Xanthones for melanogenesis inhibition: Molecular docking and QSAR studies to understand their anti-tyrosinase activity

Rosa, G.P., Palmeira, A., Resende, D.I.S.P., Almeida, I.F., Kane-Pagés, A., Barreto, M.C., Sousa, E. & Pinto, M.M.M. (2021) Xanthones for melanogenesis inhibition: molecular docking and QSAR studies to understand their anti-tyrosinase activity.

Bioorganic & Medicinal Chemistry, 29, 115873. DOI:10.1016/j.bmc.2020.115873 (IF2019 3,073; Q3 Biochemistry & Molecular Biology)
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  • Jan, 2021


The human skin is constantly exposed to external factors that affect its integrity, UV radiation being one of the main stress factors. The repeated exposure to this radiation leads to increased production of Reactive Oxygen Species (ROS) which activate a series of processes involved in photoaging. Excessive UV exposure also exacerbates melanin production leading to a variety of pigmentation disorders. Xanthones are reported to exhibit properties that prevent deleterious effects of UV exposure and high levels of ROS in the organism, so in this work a wide library of xanthones with different patterns of substitution was synthesized and tested for their inhibitory activity against the skin enzymes tyrosinase, elastase, collagenase and hyaluronidase, many of which were evaluated for the first time. Most of the compounds were tyrosinase inhibitors, with the best one (xanthone 27) presenting an IC50 of 1.9 µM, which is approximately 6 times lower than the IC50 of the positive control kojic acid. Concerning the other enzymes, only one compound presented IC50 lower than 150 µM in elastase inhibition (xanthone 14 = 91.8 µM) and none in collagenase and hyaluronidase inhibition.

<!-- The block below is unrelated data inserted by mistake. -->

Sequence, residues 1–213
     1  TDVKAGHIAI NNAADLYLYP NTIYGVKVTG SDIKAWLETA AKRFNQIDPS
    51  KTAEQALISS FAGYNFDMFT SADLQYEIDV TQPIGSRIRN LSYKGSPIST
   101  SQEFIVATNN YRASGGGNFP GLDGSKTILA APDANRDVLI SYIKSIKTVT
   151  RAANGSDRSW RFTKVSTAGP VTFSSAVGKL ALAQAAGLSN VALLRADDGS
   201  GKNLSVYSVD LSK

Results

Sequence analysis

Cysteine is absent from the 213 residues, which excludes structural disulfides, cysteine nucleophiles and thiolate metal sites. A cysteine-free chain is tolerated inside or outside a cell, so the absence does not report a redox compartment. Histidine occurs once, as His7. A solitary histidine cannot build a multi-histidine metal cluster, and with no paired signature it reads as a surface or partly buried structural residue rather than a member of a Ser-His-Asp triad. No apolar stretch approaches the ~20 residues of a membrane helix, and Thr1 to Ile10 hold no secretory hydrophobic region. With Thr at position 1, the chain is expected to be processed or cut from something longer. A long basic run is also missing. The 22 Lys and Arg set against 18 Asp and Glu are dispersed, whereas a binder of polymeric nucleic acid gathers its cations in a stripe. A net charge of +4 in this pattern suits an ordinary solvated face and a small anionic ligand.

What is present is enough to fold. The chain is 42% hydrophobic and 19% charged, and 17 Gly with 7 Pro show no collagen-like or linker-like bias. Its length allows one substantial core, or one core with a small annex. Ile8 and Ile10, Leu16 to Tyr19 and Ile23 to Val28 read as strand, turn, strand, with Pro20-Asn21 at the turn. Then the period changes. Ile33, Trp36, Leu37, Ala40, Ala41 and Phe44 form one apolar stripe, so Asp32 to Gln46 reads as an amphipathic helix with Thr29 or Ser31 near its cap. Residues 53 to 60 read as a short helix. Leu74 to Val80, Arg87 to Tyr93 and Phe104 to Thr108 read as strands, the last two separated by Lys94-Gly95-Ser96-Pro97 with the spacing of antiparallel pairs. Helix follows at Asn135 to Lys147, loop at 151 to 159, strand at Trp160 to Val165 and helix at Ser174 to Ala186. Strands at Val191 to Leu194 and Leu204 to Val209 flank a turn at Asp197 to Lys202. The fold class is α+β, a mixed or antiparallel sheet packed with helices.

A QSAR model for tyrosinase inhibitory activity was built using six molecular descriptors, with a partial negative surface area descriptor and the relative number of oxygen atoms being positively contributing to the tyrosinase inhibitory activity. Docking using AutoDock Vina shows that all the tested compounds have more affinity to mushroom tyrosinase than kojic acid. Docking results implied that the tyrosinase inhibitory mechanisms of xanthonic derivatives are attributed to an allosteric interaction. Taken together, these data suggest that xanthones might be useful scaffolds for the development of new and promising candidates for the treatment of pigmentation-related disorders and for skin whitening cosmetic products.